Despite the controversy surrounding the proposed plans of Disney to create a cruise destination at Lighthouse Point in South Eleuthera, a recent poll conducted this weekend of 994 households across the country, revealed that of the 994 individuals polled, 235 individuals or 38 per cent – 311 males and 310 females, were “very much” in support of the development, while 161 individuals, some 26 per cent, did not support the cruise initiative.
The recent poll to gauge the public’s view of the proposed development was recently conducted by Public Domain.
The poll revealed that 171 individuals or 28 per cent, “somewhat” supported the development, while 54 individuals or nine per cent “somewhat” did not support the development.
Disney has proposed creating a cruise destination at Lighthouse Point in South Eleuthera.
The low-density development, according to Disney, will serve as a place for Disney guests to relax and spend time with their families on the property’s beaches, while also having the opportunity to enjoy nature, visit shopping and dining locations and explore Eleuthera more broadly.
Of the 922 individuals polled, 622 individuals had heard of the new proposed development while 372 or 37 per cent said they did not.
The biggest reason for not supporting the Lighthouse Development, according to the Public Domain poll was possible environmental damage, of which 46 out of 215 individuals – or 21 per cent felt this way.
Fourteen per cent claimed that the government had already given too much land to foreign developers.
Meanwhile, 12 per cent felt as if there would be the loss of local access to Lighthouse Point
Another 12 per cent polled said they did not like/trust the cruise industry.
Other reasons listed for not supporting the Lighthouse Point Development was the loss of access to the beaches at Lighthouse Point and not trusting the government to ensure that Bahamians got the best deal, of which both were polled at 9 per cent, or 20 of the 215 individuals questioned.
Six per cent felt as if they needed more information and that Bahamians would not benefit from the project.
Five per cent participating in the poll felt as if the project did not have a broad economic impact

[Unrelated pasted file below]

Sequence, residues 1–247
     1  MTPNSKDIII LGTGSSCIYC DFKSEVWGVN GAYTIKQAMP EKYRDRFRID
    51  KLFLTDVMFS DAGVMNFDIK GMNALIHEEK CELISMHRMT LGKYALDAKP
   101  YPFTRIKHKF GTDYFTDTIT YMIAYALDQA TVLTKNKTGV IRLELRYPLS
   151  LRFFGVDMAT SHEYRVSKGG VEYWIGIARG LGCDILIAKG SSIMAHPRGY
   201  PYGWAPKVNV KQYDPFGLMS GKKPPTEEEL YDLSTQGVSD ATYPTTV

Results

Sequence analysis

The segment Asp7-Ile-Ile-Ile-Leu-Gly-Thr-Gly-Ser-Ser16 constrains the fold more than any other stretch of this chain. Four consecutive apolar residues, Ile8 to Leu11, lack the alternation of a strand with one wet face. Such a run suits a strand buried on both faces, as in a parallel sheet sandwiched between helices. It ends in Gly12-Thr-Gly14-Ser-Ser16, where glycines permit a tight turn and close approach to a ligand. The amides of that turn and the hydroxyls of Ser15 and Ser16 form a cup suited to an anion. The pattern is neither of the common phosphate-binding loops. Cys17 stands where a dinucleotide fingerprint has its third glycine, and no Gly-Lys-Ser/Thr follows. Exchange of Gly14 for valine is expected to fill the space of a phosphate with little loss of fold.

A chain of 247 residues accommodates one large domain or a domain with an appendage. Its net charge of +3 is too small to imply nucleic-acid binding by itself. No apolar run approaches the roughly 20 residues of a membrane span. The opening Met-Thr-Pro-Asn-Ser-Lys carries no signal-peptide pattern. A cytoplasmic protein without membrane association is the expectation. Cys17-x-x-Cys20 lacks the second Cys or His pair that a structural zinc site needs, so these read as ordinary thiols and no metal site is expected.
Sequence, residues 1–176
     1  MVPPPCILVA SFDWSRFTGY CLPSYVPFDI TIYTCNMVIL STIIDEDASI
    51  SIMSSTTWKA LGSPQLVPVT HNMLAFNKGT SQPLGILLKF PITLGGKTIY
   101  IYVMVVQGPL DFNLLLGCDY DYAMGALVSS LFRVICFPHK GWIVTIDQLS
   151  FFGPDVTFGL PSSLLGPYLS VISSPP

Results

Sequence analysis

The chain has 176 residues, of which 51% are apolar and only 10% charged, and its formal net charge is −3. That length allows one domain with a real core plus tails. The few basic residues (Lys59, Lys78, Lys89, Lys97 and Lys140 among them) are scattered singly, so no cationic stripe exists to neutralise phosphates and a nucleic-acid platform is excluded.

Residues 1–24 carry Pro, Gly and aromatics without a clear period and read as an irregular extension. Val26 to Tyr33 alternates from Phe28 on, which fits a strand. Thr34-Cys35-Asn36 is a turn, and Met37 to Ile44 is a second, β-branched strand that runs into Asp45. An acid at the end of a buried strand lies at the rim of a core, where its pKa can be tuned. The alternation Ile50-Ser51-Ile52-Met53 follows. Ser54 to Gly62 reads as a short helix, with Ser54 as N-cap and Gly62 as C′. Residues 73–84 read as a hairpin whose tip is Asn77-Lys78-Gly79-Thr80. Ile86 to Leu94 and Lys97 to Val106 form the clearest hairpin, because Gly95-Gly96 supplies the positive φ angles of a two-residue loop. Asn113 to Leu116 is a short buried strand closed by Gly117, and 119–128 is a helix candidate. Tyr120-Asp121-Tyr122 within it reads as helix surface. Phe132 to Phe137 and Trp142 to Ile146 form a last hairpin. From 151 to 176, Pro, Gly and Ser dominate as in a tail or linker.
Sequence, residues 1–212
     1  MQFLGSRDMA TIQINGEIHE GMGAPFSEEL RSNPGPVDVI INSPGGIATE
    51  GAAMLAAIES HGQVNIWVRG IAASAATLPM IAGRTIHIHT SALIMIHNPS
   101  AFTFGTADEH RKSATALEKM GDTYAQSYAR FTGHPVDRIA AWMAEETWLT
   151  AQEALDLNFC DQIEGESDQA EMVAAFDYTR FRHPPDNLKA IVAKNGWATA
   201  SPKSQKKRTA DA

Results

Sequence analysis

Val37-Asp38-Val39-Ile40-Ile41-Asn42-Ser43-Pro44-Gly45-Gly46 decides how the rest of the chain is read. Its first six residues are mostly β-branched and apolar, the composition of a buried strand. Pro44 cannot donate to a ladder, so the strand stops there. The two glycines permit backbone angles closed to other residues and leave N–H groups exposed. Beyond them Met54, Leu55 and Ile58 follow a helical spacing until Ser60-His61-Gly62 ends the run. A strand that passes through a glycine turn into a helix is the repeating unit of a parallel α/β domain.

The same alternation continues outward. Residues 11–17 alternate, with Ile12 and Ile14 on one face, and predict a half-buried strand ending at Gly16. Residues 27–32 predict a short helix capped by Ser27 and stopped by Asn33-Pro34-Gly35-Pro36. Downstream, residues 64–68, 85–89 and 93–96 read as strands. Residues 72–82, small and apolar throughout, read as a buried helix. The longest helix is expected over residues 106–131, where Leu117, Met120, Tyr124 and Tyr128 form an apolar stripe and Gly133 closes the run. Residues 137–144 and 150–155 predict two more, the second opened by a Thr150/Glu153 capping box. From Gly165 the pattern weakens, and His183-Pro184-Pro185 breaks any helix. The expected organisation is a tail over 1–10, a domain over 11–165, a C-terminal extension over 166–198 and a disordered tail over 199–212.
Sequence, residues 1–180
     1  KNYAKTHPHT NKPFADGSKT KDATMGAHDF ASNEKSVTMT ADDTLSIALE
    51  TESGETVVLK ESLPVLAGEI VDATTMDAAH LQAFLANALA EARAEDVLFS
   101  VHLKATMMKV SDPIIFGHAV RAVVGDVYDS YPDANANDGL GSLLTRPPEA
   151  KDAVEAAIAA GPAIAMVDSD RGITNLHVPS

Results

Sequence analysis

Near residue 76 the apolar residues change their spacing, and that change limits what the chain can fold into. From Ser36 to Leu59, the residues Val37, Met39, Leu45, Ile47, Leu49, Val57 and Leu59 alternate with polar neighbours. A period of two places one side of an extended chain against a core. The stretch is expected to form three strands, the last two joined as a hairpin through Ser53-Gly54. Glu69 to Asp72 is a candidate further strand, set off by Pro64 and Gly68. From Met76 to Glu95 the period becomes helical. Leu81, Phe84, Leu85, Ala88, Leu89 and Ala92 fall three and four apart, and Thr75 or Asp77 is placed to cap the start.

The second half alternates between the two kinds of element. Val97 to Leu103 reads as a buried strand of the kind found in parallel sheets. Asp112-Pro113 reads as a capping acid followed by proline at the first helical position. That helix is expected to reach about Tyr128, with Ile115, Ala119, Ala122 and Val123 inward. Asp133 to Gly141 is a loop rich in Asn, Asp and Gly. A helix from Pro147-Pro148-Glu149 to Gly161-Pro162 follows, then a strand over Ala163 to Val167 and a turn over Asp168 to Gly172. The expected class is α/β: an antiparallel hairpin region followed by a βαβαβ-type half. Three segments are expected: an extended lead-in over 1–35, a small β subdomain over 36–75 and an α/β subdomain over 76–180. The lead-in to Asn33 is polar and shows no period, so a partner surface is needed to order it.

Four per cent cited government corruption, they were not sure Bahamians would be employed, they believed Bahamians could do it themselves, or they felt as if the area should be preserved.
Two per cent said the project is not needed in Eleuthera and should have been taken to Grand Bahama. Another two per cent was not sure or refused to say.
One per cent expressed the belief that the company would say one thing and do another, while another 1 percent said that they wanted the property leased.
In recent interviews Disney claimed that it would protect and sustain the natural beauty of the site, provide economic opportunity for Bahamians, help strengthen the community and celebrate the culture of The Bahamas. Disney also said that Bahamians would have full access to the property and they will not develop the southern-most point or allow Disney guests to visit it.
But despite Disney’s claims, Environmental groups and non-governmental organizations such as Re-Earth Bahamas, the Bahamas National Trust (BNT), Save the Bays and the One Eleuthera Foundation, have railed against the proposed development to sell the privately-owned land to Disney, claiming a cruise port will decimate the environment.
Meanwhile the Public Domain poll outlined that having heard some of the claims made by groups who oppose the Lighthouse Point development, 263 of 994 individuals polled – 27 per cent were “very likely” to support the project; 308 – 32 per cent, were “somewhat likely”; 221 – 22 per cent were “not likely at all” and 115 – 12 per cent were “not very likely.”
Some 221 of the 994 polled – 22 per cent, said it was important to receive more information about the environmental impact of the project, while 209 persons were interested in the economic impact that the project would have for Eleuthera.
Also, of the 994 individuals polled, 373 individuals or 38 per cent, said they would like the news media to keep them informed about the project. Twenty-eight per cent would like to hear from the prime minister and 14 per cent wanted to hear from the Minister of the Environment.
Disney Cruise Line President Jeff Vahle said the company will more or less be good stewards of the environment. He told the press in a recent statement that Disney is focused on conservation and the company is absolutely committed to doing the right thing and would never risk the natural beauty of the island.
Vahle also noted in earlier interviews that the project already has the funding in place as well as a contract with the buyer of the private land. He said the company is only waiting for government approval and if and when that happens, he said, work will begin immediately and will most likely open in late 2022.
Prime Minister Dr. Hubert Minnis recently assured the media that the government will make the best decision in the interest of the Bahamian people as it relates to a controversial project. He said that he has been in discussion with Disney and intends to garner feedback from residents at town meetings.